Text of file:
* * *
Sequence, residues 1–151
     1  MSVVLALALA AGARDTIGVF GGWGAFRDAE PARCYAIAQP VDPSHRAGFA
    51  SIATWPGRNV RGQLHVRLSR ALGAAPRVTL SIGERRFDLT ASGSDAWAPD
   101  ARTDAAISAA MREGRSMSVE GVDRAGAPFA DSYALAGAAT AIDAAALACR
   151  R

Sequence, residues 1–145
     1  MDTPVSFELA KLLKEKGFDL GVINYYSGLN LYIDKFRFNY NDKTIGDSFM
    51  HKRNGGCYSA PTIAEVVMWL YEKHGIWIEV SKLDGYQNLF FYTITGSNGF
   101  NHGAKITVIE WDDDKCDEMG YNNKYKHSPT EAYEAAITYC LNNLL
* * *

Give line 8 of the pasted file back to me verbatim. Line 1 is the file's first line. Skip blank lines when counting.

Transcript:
    51  HKRNGGCYSA PTIAEVVMWL YEKHGIWIEV SKLDGYQNLF FYTITGSNGF